In a packed courtroom in downtown Manhattan today, the most high-profile and awaited witness in the Raj Rajaratnam insider trading trial, took the stand: Mr. Lloyd C. Blankfein.
After the late-night news yesterday that Blankfein could be called as early as this week, latecomers to room 17B were sent to an overflow room, reminiscent of the first few days of the trial.
Reed Brodsky, of the government, asked the judge’s permission to interrupt the testimony of Rajiv Goel for two witnesses who could not be in New York next week. It’s an unusual move, but the judge and the defence both accepted it.
So, after an hour or so of Goel testimony, it was time.
“The government calls its next witness, Lloyd C. Blankfein,” a voice boomed over the courtroom — and we turned, and there he was, standing meekly in front of the big wooden doors.
Blankfein was wearing a blue tie, a white shirt and a dark suit. He became more relaxed as the questioning wore on, and even bantered with Raj’s defence attorney, John Dowd throughout the cross. (In fact, after a break in giving testimony, Blankfein walked over to the defence team, and shook Dowd’s hand, then Raj’s).
During his testimony, we gleaned some insight into how Blankfein runs his ship: he gets Profit and Loss statements at the end of every business day, via email and voicemail. He admits he rarely reads the email, and garners the necessary information from the latter.
He also talks regularly with his board members in a one-on-one context, often “offline” he said. This gives the director opportunities to talk with Blankfein and raise concerns outside of the hearing of other board members. He had such conversations with Rajat Gupta.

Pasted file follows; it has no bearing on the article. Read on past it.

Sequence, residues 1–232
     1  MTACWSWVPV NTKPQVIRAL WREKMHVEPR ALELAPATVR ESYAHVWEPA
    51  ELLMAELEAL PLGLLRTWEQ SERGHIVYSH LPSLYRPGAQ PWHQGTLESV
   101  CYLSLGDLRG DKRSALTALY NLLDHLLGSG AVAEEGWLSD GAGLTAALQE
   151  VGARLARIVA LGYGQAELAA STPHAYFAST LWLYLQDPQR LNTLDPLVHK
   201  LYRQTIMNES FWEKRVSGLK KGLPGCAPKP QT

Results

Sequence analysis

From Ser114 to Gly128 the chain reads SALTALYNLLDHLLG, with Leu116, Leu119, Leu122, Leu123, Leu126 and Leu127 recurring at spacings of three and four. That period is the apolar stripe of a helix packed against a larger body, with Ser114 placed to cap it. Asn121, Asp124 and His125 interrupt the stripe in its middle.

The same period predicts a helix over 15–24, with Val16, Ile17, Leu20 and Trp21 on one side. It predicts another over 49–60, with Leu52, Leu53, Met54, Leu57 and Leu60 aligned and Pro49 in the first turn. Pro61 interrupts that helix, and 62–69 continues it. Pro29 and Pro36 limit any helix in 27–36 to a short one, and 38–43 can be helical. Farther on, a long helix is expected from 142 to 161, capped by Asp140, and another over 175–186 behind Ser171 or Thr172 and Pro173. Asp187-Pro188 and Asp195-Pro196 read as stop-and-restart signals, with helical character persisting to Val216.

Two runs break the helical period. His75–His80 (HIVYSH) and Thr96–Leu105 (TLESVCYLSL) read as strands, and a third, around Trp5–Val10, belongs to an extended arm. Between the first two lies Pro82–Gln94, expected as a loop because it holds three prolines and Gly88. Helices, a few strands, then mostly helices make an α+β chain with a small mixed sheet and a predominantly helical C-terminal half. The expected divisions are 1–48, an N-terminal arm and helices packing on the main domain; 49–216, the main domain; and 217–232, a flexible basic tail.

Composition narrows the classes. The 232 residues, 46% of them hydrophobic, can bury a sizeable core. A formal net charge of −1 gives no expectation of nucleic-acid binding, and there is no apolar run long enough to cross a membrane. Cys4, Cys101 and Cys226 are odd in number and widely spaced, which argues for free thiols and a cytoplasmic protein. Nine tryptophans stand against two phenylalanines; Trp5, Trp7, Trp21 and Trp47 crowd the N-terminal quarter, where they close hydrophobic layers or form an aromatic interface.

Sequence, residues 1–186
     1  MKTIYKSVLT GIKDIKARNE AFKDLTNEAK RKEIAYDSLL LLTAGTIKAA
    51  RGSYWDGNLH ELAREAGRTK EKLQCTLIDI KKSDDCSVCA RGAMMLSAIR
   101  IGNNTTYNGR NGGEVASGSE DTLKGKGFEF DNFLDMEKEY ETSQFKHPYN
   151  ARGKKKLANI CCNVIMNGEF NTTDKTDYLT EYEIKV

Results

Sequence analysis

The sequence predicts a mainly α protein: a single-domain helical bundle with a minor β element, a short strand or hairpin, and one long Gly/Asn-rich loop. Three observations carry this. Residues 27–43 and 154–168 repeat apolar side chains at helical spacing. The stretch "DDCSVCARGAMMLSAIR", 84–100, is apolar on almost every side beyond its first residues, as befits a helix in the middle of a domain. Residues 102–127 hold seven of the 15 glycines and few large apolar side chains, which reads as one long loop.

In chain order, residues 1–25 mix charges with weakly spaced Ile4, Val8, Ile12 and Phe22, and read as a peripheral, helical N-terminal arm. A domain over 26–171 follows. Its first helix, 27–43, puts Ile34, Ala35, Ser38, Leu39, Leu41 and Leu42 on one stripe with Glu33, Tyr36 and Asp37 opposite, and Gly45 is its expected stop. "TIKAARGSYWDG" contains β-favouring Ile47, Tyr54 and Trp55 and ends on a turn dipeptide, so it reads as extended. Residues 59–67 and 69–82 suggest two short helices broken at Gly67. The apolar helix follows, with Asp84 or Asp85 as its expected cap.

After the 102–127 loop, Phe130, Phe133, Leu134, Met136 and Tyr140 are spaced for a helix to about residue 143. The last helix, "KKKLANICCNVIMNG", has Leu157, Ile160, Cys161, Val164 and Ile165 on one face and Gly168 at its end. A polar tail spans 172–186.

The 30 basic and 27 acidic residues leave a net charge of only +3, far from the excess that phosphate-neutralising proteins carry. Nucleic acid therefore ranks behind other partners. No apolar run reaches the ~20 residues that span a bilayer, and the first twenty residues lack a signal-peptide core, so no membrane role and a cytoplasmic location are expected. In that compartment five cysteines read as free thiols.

And Gupta is the reason, of course, the Goldman Sachs chief was called to testify.
Gupta, a former board member of the bank, is accused of tipping Raj Rajaratnam about confidential information about Goldman’s earnings, strategy and the Warren Buffett investment. He is suing the SEC over the allegations.
Besides those subjects, a primary focus of Lloyd’s testimony was the July 2008 recording of Gupta and Raj discussing the possibility of Goldman’s acquisition of a commercial bank — Wachovia — or an insurance company — AIG.
Blankfein Bails Out The Government
Federal prosecutors, even before today, have labored over the Gupta-Raj AIG-Wachovia call. It is, for the prosecutors, another occasion in which they say Raj Rajaratnam blatantly traded on material, non-public information.
Today, it was the defence’s turn to labour over that telephone call, and the 2008 board meeting from which it allegedly stemmed.
John Dowd showed the court a copy of board meeting minutes from June 2008. The meeting had taken place in St. Petersburg, in Russia.
“Can you find the reference to possibility of buying a commercial bank or insurance company?” Dowd asked Blankfein.
Lloyd looked at the pile of paper he had been handed. “It’s a 10-page, single spaced…” he said.
“Take your time,” Dowd said.
We waited. Blankfein turned the pages. It felt like this it was about to be a watershed moment for the defence, with the validity of the government’s argument that Gupta leaked information based on that particular board meeting, about to be called into question by a particularly memorable witness. After several minutes passed, Blankfein made a sound into his microphone.